This statement pretty much paints the picture of the current state of restaurant innovation in Nairobi. A lot hasn’t changed in the eat-in dining experience. The majority of the restaurant industry tech innovation has come from the exterior with faster deliveries and increased searchability.
Innovation is not just all about increasing product offerings, speed, and convenience. In the market, there is a sweet opportunity in knowing your customer based on their names, and their preferences to the very last detail. A lot of investment is needed to introduce “personalization” into the industry.
“Many restaurant companies have no connection to their customers. A waiter may know a repeat customer but management does not see opportunities in connecting to repeat clients for R&D to grow their brands.”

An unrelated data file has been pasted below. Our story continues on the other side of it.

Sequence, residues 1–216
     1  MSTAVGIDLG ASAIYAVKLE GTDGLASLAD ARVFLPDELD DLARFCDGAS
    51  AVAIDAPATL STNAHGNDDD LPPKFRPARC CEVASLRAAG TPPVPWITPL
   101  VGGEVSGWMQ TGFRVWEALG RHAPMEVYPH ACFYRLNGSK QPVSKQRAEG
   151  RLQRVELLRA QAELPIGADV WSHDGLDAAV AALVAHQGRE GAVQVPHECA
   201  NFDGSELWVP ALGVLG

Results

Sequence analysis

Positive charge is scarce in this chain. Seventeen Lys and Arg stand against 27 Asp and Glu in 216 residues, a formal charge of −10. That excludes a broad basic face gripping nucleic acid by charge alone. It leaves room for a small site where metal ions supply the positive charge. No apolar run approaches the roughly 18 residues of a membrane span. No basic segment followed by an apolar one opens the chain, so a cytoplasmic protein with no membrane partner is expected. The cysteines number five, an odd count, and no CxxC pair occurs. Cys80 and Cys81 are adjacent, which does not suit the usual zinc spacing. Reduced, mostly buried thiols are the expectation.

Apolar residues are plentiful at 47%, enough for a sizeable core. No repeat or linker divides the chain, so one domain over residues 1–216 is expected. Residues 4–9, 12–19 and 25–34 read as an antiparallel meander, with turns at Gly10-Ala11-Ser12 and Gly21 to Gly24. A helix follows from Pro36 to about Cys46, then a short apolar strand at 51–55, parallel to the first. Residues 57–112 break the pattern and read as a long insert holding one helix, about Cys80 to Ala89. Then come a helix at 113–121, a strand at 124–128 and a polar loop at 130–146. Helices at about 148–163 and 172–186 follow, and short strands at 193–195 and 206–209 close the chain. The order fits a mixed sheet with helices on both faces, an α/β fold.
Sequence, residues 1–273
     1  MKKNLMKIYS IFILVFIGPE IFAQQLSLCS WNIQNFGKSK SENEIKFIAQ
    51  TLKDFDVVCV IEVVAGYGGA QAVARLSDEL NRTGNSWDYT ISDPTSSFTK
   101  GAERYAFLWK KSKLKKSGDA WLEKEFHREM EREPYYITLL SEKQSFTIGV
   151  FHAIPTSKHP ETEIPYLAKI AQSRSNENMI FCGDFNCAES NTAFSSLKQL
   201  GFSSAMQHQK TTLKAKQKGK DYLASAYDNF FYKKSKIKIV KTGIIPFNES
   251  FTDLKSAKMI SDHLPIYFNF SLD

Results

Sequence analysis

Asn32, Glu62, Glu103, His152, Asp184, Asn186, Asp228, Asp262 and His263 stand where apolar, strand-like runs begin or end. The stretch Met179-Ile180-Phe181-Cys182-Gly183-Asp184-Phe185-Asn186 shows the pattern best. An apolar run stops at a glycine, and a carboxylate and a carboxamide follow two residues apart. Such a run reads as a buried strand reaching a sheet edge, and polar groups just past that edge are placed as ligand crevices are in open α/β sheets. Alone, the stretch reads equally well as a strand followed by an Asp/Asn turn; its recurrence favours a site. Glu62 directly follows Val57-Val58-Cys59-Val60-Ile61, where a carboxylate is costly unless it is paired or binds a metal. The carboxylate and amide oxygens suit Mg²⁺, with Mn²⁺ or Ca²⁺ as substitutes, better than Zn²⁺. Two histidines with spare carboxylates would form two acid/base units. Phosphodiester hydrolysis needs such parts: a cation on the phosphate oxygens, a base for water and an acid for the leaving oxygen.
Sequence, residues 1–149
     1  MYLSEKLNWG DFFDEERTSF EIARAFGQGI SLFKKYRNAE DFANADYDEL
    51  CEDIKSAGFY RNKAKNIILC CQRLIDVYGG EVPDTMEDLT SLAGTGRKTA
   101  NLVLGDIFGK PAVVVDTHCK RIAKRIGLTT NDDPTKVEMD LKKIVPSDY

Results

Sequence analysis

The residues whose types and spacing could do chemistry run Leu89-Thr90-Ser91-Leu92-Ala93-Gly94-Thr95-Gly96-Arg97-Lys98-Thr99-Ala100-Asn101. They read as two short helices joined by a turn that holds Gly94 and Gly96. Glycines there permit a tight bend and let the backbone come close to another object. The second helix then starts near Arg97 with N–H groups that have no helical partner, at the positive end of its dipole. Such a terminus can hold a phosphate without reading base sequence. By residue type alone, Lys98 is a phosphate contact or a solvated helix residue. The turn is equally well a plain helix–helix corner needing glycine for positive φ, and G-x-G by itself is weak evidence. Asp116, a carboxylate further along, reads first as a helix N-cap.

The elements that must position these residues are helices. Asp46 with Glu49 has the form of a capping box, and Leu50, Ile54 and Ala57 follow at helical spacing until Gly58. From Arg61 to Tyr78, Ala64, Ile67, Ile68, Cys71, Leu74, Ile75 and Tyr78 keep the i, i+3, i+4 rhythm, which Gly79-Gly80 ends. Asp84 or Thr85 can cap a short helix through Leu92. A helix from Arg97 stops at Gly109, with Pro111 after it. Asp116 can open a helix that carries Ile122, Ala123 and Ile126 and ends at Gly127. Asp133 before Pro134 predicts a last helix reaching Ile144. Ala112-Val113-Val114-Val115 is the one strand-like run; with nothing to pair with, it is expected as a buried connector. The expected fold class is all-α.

Mikul Shah, Managing Director, Eat Out.
7. On Monetizing Food Blogging
The attractiveness of healthy home-made meals coupled with the rise of the Do-It-Yourself (DIY) narrative and culinary exploration has led to an increase in the food blogging audience. This has led to food bloggers supported by brand endorsements and digital advertisements to generate content. But more often than not it has not led to sustainable career paths.
Kaluhi Adagala acknowledges the use of advertisements and endorsements as a lucrative but temporary way of making money. She advises creation of purchasable market products that are in line with food blogging, such as kitchenware, as a good way to ensure longevity in monetization and also a food blogging career.